Re: [Dime] Definition of host report

<lionel.morand@orange.com> Tue, 08 April 2014 13:23 UTC

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From: <lionel.morand@orange.com>
To: Steve Donovan <srdonovan@usdonovans.com>, "dime@ietf.org" <dime@ietf.org>
Thread-Topic: [Dime] Definition of host report
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Date: Tue, 8 Apr 2014 13:23:24 +0000
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Subject: Re: [Dime] Definition of host report
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I see my mistake. I was confused by "the overloaded Diameter node identified by the Diameter ID in the OLR"
Therefore, I agree with the proposed change. In order to keep the existing text, do you think that the following wording would be clear enough:


      Either the Destination-Host AVP is present in the request and its value

      matches the value of the Origin-Host AVP of the received message

      that contained the OC-OLR AVP; Either the Destination-Host is not present

      in the request but the value of peer identity associated with the connection

      used to send the request matches the value of the Origin-Host AVP of the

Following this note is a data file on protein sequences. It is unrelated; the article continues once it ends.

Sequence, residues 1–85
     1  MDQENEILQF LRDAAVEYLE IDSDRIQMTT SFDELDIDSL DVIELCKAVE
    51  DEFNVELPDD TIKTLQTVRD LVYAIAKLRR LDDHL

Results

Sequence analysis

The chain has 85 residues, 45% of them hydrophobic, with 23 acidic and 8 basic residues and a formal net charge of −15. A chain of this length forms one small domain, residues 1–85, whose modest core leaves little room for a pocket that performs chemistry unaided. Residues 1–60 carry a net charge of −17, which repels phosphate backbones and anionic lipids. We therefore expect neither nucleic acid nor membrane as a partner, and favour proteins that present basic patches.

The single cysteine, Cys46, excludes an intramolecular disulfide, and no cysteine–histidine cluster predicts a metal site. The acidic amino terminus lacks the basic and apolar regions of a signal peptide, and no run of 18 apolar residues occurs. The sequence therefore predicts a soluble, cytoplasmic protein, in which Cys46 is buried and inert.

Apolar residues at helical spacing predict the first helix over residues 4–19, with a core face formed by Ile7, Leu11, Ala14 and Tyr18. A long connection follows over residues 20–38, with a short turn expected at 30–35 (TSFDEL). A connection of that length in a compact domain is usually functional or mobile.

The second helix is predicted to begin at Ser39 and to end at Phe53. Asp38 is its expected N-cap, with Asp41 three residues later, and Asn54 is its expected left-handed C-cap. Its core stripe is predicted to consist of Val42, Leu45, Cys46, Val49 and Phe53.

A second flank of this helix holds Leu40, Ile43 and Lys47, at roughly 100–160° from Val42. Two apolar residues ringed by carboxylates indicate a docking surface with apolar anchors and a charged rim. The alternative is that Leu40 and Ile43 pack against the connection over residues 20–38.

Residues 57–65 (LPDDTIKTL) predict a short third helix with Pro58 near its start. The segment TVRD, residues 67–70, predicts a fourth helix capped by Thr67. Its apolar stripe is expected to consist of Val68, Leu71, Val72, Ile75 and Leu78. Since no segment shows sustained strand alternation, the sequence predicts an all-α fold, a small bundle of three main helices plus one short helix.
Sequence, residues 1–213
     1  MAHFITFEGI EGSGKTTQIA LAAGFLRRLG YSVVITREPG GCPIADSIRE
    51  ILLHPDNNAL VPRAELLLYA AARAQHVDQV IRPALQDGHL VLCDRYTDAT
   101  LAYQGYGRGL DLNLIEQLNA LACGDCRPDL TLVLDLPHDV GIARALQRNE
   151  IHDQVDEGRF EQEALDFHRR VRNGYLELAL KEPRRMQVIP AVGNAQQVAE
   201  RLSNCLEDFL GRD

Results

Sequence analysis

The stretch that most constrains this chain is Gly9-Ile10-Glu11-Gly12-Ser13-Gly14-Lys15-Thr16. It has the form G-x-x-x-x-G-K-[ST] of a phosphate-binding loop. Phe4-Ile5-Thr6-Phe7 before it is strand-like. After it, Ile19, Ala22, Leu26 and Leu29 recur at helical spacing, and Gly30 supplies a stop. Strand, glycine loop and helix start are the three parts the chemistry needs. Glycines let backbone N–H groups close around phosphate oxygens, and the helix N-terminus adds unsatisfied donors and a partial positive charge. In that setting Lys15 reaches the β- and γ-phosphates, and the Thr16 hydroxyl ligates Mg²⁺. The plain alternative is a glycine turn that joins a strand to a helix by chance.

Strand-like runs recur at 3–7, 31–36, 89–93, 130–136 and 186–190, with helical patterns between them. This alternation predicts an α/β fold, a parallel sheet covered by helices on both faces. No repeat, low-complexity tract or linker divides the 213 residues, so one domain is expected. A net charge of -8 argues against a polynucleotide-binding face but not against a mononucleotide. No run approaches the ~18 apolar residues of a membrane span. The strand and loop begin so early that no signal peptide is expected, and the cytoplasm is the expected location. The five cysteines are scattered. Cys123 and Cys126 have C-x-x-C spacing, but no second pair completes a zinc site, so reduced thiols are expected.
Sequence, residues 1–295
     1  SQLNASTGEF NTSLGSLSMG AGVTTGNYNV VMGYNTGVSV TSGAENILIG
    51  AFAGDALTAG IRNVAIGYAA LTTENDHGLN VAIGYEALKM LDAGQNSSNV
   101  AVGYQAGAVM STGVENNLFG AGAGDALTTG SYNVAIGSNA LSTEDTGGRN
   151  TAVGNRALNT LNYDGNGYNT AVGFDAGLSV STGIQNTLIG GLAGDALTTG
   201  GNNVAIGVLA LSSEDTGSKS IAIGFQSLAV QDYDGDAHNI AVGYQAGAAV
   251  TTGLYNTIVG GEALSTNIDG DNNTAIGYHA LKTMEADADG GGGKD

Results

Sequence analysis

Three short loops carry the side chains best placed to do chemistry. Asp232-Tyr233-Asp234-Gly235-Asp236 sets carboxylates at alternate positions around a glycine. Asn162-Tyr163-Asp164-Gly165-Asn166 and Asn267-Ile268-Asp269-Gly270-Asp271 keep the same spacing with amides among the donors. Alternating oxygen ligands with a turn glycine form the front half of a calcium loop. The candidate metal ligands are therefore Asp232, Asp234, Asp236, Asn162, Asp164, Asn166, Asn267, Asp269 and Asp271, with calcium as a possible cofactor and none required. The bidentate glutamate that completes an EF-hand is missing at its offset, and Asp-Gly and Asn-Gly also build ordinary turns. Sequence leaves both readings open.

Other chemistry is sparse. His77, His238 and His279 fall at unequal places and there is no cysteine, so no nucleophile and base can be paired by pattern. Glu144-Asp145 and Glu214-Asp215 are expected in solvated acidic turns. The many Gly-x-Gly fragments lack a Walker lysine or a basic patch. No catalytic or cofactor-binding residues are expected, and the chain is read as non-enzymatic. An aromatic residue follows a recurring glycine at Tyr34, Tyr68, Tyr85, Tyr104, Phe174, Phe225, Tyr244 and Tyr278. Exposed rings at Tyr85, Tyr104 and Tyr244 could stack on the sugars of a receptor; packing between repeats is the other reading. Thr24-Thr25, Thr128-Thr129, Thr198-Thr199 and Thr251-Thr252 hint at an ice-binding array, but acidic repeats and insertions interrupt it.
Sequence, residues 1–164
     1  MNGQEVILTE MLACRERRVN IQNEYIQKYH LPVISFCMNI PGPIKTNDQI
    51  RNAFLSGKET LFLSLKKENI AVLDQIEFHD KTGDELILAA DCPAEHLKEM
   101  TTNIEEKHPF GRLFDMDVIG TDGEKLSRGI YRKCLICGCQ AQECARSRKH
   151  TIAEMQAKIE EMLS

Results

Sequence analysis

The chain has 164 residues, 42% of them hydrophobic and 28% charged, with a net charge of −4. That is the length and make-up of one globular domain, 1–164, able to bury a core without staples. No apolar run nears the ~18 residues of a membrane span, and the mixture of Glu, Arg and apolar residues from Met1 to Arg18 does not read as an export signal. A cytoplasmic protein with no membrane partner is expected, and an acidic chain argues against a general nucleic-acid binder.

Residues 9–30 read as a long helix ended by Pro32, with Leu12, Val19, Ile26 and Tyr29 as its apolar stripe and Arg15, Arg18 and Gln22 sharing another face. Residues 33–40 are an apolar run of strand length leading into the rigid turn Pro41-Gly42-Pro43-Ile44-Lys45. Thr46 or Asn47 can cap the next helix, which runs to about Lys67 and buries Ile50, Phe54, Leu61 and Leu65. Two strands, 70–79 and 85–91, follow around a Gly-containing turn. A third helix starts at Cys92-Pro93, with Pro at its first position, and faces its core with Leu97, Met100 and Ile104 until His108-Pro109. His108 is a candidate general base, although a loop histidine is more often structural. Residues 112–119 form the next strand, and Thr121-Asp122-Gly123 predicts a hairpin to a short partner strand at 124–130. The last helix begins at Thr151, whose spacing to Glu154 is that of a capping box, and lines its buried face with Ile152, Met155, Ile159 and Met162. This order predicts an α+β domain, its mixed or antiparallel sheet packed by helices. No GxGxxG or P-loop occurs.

received message that contained the OC-OLR AVP.

Regards,

Lionel

De : Steve Donovan [mailto:srdonovan@usdonovans.com]
Envoyé : mardi 8 avril 2014 15:07
À : MORAND Lionel IMT/OLN; dime@ietf.org
Objet : Re: [Dime] Definition of host report

Lionel,

I'm not proposing adding an AVP to the overload report.  I should have said the Diameter ID in the overload control state.  I agree completely that the Diameter ID comes from the Origin-Host AVP in the answer message containing the OLR.

Regards,

Steve
On 4/8/14 7:20 AM, lionel.morand@orange.com<mailto:lionel.morand@orange.com> wrote:

Hi Steve,



I understand your point now. Thank you for the clarification.



However, I don't think that it leads necessarily to the need for a Diameter Id in the OLR.



The clarification could be that, in case of direct connection between clients and servers, the Host report type applies also to the peer connection for which the peer id is equal to the origin-host in the answer containing the OLR. Such binding is required and the Diameter Id in the OLR will not provide added-value compared to the origin-host of the answer.



Regards,



Lionel





De : Steve Donovan [mailto:srdonovan@usdonovans.com]

Envoyé : lundi 7 avril 2014 23:30

À : MORAND Lionel IMT/OLN; dime@ietf.org<mailto:dime@ietf.org>

Objet : Re: [Dime] Definition of host report



Lionel,



Please see inline.



Steve

On 4/7/14 9:07 AM, lionel.morand@orange.com<mailto:lionel.morand@orange.com> wrote:

Hi Steve,



As defined today, the originator of a Host-based report is the node identified by the Origin-host in the answer. I don't understand what is wrong with the existing definition in the draft.



Please see below.



Regards,



Lionel



De : DiME [mailto:dime-bounces@ietf.org] De la part de Steve Donovan

Envoyé : lundi 7 avril 2014 15:41

À : dime@ietf.org<mailto:dime@ietf.org>

Objet : [Dime] Definition of host report



All,



I believe that the current definition of the host report needs to be enhanced.